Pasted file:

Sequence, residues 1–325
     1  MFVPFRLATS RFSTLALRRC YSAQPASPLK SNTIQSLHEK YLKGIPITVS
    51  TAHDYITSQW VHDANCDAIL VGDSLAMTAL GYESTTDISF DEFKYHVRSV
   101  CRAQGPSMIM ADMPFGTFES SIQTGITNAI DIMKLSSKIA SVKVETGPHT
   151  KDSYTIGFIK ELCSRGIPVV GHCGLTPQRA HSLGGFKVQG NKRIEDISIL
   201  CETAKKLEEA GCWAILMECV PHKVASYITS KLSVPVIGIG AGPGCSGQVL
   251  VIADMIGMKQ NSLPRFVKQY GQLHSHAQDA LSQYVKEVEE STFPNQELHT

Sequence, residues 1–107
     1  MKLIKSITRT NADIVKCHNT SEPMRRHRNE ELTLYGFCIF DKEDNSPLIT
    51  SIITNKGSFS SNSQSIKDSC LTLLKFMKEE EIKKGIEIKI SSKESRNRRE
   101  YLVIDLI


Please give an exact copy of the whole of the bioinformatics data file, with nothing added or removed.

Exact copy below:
Sequence, residues 1–325
     1  MFVPFRLATS RFSTLALRRC YSAQPASPLK SNTIQSLHEK YLKGIPITVS
    51  TAHDYITSQW VHDANCDAIL VGDSLAMTAL GYESTTDISF DEFKYHVRSV
   101  CRAQGPSMIM ADMPFGTFES SIQTGITNAI DIMKLSSKIA SVKVETGPHT
   151  KDSYTIGFIK ELCSRGIPVV GHCGLTPQRA HSLGGFKVQG NKRIEDISIL
   201  CETAKKLEEA GCWAILMECV PHKVASYITS KLSVPVIGIG AGPGCSGQVL
   251  VIADMIGMKQ NSLPRFVKQY GQLHSHAQDA LSQYVKEVEE STFPNQELHT

Sequence, residues 1–107
     1  MKLIKSITRT NADIVKCHNT SEPMRRHRNE ELTLYGFCIF DKEDNSPLIT
    51  SIITNKGSFS SNSQSIKDSC LTLLKFMKEE EIKKGIEIKI SSKESRNRRE
   101  YLVIDLI